2 receive Teachers With Heart Award

Chelsea Verdier, left, a special-education teacher at Northside Elementary School in Cabot, and Kim Usery, a chemistry teacher at Cabot High School, were the recipients of 2016 Teachers With Heart Awards.
Chelsea Verdier, left, a special-education teacher at Northside Elementary School in Cabot, and Kim Usery, a chemistry teacher at Cabot High School, were the recipients of 2016 Teachers With Heart Awards.

CABOT — Two Cabot Public Schools teachers have shown exceptional commitment to their students, and it hasn’t gone unnoticed.

At the district’s end-of-the-year meeting Thursday, the Cabot Classroom Teacher Association awarded Northside Elementary School special-education teacher Chelsea Verdier and Cabot High School chemistry teacher Kim Usery with 2016 Teachers With Heart Awards. The awards recognize two district teachers who have demonstrated outstanding leadership in and out of the classroom.

Twelve finalists were chosen out of 300 nominated teachers, and one secondary teacher and one elementary-school teacher are given the award each year. The other elementary finalists were Jana Foster, Stagecoach Elementary School; Laura Harris, Magness Creek Elementary School; Melissa Lashbrook, Southside Elementary School and Northside Elementary; Adrienne Thomas, Eastside Elementary School; and Karen Turner, Northside Elementary. The other secondary finalists were Laura Abbot, Cabot Freshman Academy; Kasey Hill, Cabot Freshman Academy; Sara Hillenburg, Cabot High School; Hannah Sawyer, Cabot Junior High School South; and Jamie Layes-Shelton, Cabot Freshman Academy.

The Teachers With Heart Award was established three years ago by the Cabot Classroom Teacher Association, an Arkansas Education Association affiliate that provides Cabot teachers with guidance and professional development.

“About three years ago, it kind of came to my mind that our teachers don’t get recognized for things that they do, so I went to Dr. [Tony] Thurman, our superintendent, and I said, ‘Is there something we can do? How can we partner and do this?’” said CTA President Pam Sowell.

Teachers are anonymously nominated by students, parents and other teachers, who write letters on the nominees’ behalf. Two panels of judges — one consisting of CTA members and the other consisting of members of the school board, Centennial Bank and retired teachers — help choose the finalists and winners. Winners receive a banner, a plaque and check for $300.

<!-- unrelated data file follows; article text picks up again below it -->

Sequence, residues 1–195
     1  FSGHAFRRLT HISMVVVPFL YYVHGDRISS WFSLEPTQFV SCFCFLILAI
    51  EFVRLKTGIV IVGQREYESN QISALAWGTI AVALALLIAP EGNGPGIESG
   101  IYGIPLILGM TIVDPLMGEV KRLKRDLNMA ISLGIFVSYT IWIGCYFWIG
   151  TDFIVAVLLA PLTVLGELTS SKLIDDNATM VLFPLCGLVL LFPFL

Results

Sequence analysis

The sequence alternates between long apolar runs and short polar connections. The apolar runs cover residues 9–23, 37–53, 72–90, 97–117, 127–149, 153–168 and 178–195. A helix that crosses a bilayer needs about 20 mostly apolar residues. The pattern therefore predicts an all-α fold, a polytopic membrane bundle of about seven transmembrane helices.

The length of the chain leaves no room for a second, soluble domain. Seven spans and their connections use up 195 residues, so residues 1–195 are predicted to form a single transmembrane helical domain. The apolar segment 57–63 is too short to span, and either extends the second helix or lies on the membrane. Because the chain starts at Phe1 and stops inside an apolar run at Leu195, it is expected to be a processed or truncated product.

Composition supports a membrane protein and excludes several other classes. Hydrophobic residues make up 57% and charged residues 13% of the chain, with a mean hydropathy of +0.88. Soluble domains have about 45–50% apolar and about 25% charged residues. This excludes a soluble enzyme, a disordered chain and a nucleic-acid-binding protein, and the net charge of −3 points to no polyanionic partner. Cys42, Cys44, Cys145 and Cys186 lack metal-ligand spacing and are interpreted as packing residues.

Verdier teaches nine third- and fourth-graders and has been a teacher for four years. She said winning a Teachers With Heart Award was a humbling, overwhelming experience.

“Being a teacher, you wear so many hats,” she said. “I’m a counselor. I’m a nurse. I’m a teacher. I’m their friend. I think being a teacher these days, you’re more than just at the front of the classroom. You’re a part of their everyday life.”

Verdier said her $300 prize will most likely go back into the classroom. She plans to purchase wobble chairs for her students so they can stay active while seated. She said the award is dedicated to teachers who put their all into the district and into the classroom.

“I just love my kids like they’re my own,” she said.

Sowell said the award is geared toward teachers who go beyond all expectations. One nominated teacher once had a student who was troubled and had moved to several different classrooms.

“She got down on the floor, and she said to him, ‘What can I do for you?’ He said, ‘I need a shower, and I want to look like everyone else,’” she said.

The teacher helped the student get a hair cut and clean clothes, which contributed to a positive change in his behavior.

“Most of the nominations that we get are things like that, where teachers have reached out to a child individually or reached out to a parent and said, ‘What can we do to help your child?’ It really is from the heart,” Sowell said.

Although Usery has been a Cabot High School teacher for 19 years, she does work outside of the classroom by holding science nights at the elementary schools. This year, she held 15 science nights, which include science-focused activities.

She said that early on in her career, she focused on just teaching science. Now she focuses on loving the kids first and providing a safe environment so that everything else can fall into place.

“I like teaching kids who come into my class and say they hate science or they’re not good at science, but I do a lot of labs and activities with them. My goal is when they get the wow factor and they say, ‘I’m not real good at science, but I love this class,’” said Usery, who teaches juniors and seniors.

Usery cited her teaching approach as the reason why she was a recipient of a 2016 Teachers With Heart Award.

“I like to invest me as a person into these kids’ lives, and it just makes me [become] a better teacher,” she said.

Usery said the best part of the process was receiving letters of support from the students and parents, which she wasn’t able to read until the day she received the award.

“Just to get that letter of support from someone is really better than any award I could get,” she said.

Usery said being a teacher requires a desire to be in the classroom every day and a love for kids.

“I really appreciate the CTA for doing this because a lot of times, we work really hard, and the teachers don’t get acknowledged,” she said. “We have a really good district; there’s a lot of fabulous teachers here. It’s nice to know that the kids care about you.”

Staff writer Syd Hayman can be reached at (501) 244-4307 or shayman@arkansasonline.com.

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